Saturday, August 20, 2016

Just A Stranger On The Bus

"Thank God that's over," I thought to myself as the familiar scenes flowed past my window. Work was done for the day and I was on the bus back home.

There had been a big creamy cake brought with a flourish to my desk - had to be big of course, to feed the assortment of my dozen teammates. There had been singing, a creamy slice of cake ground into my hapless face, hearty wishes, bonhomous back-slapping, birthday bumps, general merriment. Well, happy birthday to me. Is it really such a big deal? Ever since I can remember, birthdays I have always looked askance at. The synthetic duty-bound wishes, the obligatory gifts, the fuss and bother, the excess emphasis on body and age...whoever invented this diabolical social trifle? Well yeah, they did go to all that trouble to procure the cake but I doubt it was from any altruistic motive as much as an excuse to have themselves a good time. One silent wish filled with blessing and love from someone who truly cared would be worth a hundred fold more than all this hue and cry.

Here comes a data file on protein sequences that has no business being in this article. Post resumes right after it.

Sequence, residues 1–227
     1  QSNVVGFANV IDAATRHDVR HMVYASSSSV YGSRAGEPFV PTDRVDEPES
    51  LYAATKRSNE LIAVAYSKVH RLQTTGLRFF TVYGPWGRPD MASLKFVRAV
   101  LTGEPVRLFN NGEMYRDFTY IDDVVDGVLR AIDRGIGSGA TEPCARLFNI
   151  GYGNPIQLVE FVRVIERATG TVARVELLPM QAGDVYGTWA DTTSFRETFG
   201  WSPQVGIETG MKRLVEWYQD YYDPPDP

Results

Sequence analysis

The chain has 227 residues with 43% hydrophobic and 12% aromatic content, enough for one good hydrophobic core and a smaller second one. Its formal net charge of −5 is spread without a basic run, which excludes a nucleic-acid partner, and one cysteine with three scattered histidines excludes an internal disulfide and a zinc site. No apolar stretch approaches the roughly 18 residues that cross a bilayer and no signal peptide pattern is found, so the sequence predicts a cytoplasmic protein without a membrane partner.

"Hey Arjun!" enthusiastically hailed Biju, one of my flat-mates, as I let myself into the place I exist when I'm not at work. "You won't believe which movie I managed to get hold of today! The action is supposed to be kickass, macha!!"

"Sorry Biju, I'm going to be holed up in my room all evening. Conference in Bangalore tomorrow. I've a short topic to present and a heck of a lot to prepare for."

"Oh come ON!!" he protested, "If it's not a conference, it's a deadline, or a book or something equally nerdy. It's your birthday da. Lighten up! Have some fun!"

"Sorry man, not today," I said shortly, as I walked into the kitchen to make myself a quick cuppa. "Just knock on my door when the dinner carrier comes in, ok?"

"Not today, not ever," he grumbled. "No movies, no pubs, no girls, no nothing. You need to break out of your shell. Live a little. Tell you what - watch a bit of the movie with me at least while you have your tea?"

"Told you Biju, not a minute to lose. Aneesh will be in any moment now and I'm sure he'll watch it with you," I called back as I escaped to my room. Aneesh is our other flat-mate and a video-game buff. He and Biju are as thick as thieves, their worlds coinciding harmoniously. I, on the other hand, constantly feel like a stranger in a strange land.